A stunning NASA image shows Io’s volcano-riddled surface

NASA’s Juno spacecraft’s mission to Jupiter has targeted the moon Io.

The agency said in a press release sharing a stunning image of the moon’s volcanic surface taken by the Jupiter Infrared Auroral Mapper this summer that it is scheduled to map Jupiter’s moon on Thursday.

The December 15 flyby was the first of nine, two of which were just 930 miles away.

The July 5 photo was taken as the spacecraft flew by at a distance of about 50,000 miles, with brighter patches indicating where temperatures were warmer.

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The volcano-strewn surface of Jupiter's moon Io was imaged in the infrared by the Juno spacecraft's Jovian Infrared Auroral Mapper (JIRAM) imager on July 5, 2022 as it flew by at a distance of about 80,000 kilometers.  Lighter spots indicate higher temperatures in this image.

The volcano-strewn surface of Jupiter’s moon Io was imaged in the infrared by the Juno spacecraft’s Jovian Infrared Auroral Mapper (JIRAM) imager on July 5, 2022 as it flew by at a distance of about 80,000 kilometers. Lighter spots indicate higher temperatures in this image.
(Image data: NASA/JPL-Caltech/SwRI/ASI/INAF/JIRAM)

“The team is very pleased that Juno’s expanded mission includes the study of Jupiter’s moons. Each close flyby allowed us to glean a wealth of new information,” Scott Bolton, principal investigator at Juno of the Southwest Research Institute in San Antonio, said in a statement. “Juno sensors were designed to study Jupiter, but we were amazed at how well they could do double duty by observing Jupiter’s moons.”

Io, the most volcanically active world in the solar system, will remain an object of the Juno team’s attention for the next year and a half.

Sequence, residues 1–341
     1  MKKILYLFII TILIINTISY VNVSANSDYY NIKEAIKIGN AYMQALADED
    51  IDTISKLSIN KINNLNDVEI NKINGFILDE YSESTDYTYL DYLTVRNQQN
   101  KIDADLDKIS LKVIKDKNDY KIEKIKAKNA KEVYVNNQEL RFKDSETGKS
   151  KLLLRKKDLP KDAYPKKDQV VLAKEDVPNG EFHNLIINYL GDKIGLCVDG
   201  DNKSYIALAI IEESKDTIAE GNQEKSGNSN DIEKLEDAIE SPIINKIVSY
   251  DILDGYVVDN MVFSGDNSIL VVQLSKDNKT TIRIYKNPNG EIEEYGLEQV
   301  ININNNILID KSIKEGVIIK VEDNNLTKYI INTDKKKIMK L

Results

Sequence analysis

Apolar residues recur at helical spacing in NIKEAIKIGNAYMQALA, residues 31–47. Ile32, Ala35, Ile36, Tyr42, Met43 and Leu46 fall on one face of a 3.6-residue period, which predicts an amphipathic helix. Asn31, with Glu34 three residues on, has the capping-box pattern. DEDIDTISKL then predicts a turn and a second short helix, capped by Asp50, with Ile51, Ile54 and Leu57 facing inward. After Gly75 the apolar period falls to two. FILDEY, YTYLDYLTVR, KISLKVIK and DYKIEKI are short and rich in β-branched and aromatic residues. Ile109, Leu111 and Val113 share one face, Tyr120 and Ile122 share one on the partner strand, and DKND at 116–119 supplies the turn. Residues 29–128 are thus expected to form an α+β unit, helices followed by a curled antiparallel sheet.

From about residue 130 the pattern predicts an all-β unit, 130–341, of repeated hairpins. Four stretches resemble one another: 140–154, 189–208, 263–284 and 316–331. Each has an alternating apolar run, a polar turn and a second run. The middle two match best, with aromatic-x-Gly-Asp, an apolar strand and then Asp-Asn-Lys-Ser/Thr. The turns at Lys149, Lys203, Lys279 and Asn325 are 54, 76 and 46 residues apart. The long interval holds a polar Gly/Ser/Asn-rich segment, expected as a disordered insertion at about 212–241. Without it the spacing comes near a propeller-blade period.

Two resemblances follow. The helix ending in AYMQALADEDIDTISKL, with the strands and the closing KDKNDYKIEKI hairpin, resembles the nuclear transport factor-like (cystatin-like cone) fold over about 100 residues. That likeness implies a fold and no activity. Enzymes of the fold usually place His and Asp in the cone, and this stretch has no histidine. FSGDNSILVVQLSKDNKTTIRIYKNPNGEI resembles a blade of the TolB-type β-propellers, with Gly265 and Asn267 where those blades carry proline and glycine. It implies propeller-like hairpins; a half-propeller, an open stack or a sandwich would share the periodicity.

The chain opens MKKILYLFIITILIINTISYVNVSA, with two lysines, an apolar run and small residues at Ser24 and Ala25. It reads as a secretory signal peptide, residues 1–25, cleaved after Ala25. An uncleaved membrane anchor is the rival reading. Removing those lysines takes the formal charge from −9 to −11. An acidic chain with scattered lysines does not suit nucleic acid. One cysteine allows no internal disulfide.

Solar-powered Juno, now in the second year of its mission to explore Jupiter’s interior, had already made close flybys of Ganymede over the past year and Europa in early 2022.

This is the last view captured by the JunoCam instrument on NASA's Juno spacecraft before the Juno instruments were shut down in preparation for orbit insertion.

This is the last view captured by the JunoCam instrument on NASA’s Juno spacecraft before the Juno instruments were shut down in preparation for orbit insertion.
(Image credit: NASA/JPL-Caltech/SwRI/MSSS)

NASA said Juno scientists will use these flybys to conduct the first high-resolution surveillance campaign on the magma-encrusted moon to study Io’s volcanoes and how volcanic eruptions interact with Jupiter’s powerful magnetosphere and aurora.

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The moon – which is slightly larger than Earth’s moon – has hundreds of volcanoes, some erupting lava fountains are tens of kilometers high.

En route to the frigid worlds that inhabit the outer regions of our solar system, NASA's New Horizons spacecraft sped past Jupiter, capturing Io, the planet's third largest moon, and suffering a volcanic explosion.

En route to the frigid worlds that inhabit the outer regions of our solar system, NASA’s New Horizons spacecraft sped past Jupiter, capturing Io, the planet’s third largest moon, and suffering a volcanic explosion.
(Photo credit: NASA Goddard Space Flight Center Cover photo courtesy NASA/JPL/University of Arizona)

Its remarkable activity is the result of a tug-of-war between Jupiter’s strong gravity and smaller but precisely timed pulls from Europa and Ganymede.

Io was discovered by the famous Italian astronomer Galileo Galilei in 1610.

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The discovery, along with three other moons of Jupiter, marked the first time a moon has been discovered orbiting a planet other than Earth.

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